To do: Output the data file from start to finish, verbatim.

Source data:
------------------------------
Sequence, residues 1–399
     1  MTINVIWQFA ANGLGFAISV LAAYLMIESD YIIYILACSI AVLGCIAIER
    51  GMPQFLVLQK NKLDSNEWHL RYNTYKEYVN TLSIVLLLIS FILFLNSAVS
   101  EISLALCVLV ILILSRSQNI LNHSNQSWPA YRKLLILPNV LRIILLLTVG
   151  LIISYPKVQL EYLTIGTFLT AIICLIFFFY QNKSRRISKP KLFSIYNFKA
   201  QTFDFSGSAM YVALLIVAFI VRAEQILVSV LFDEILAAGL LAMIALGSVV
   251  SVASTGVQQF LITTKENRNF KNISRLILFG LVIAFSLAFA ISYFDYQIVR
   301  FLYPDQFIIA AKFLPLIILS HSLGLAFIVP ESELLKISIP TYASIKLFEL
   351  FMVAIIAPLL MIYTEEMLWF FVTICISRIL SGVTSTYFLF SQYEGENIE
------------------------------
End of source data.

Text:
Sequence, residues 1–399
     1  MTINVIWQFA ANGLGFAISV LAAYLMIESD YIIYILACSI AVLGCIAIER
    51  GMPQFLVLQK NKLDSNEWHL RYNTYKEYVN TLSIVLLLIS FILFLNSAVS
   101  EISLALCVLV ILILSRSQNI LNHSNQSWPA YRKLLILPNV LRIILLLTVG
   151  LIISYPKVQL EYLTIGTFLT AIICLIFFFY QNKSRRISKP KLFSIYNFKA
   201  QTFDFSGSAM YVALLIVAFI VRAEQILVSV LFDEILAAGL LAMIALGSVV
   251  SVASTGVQQF LITTKENRNF KNISRLILFG LVIAFSLAFA ISYFDYQIVR
   301  FLYPDQFIIA AKFLPLIILS HSLGLAFIVP ESELLKISIP TYASIKLFEL
   351  FMVAIIAPLL MIYTEEMLWF FVTICISRIL SGVTSTYFLF SQYEGENIE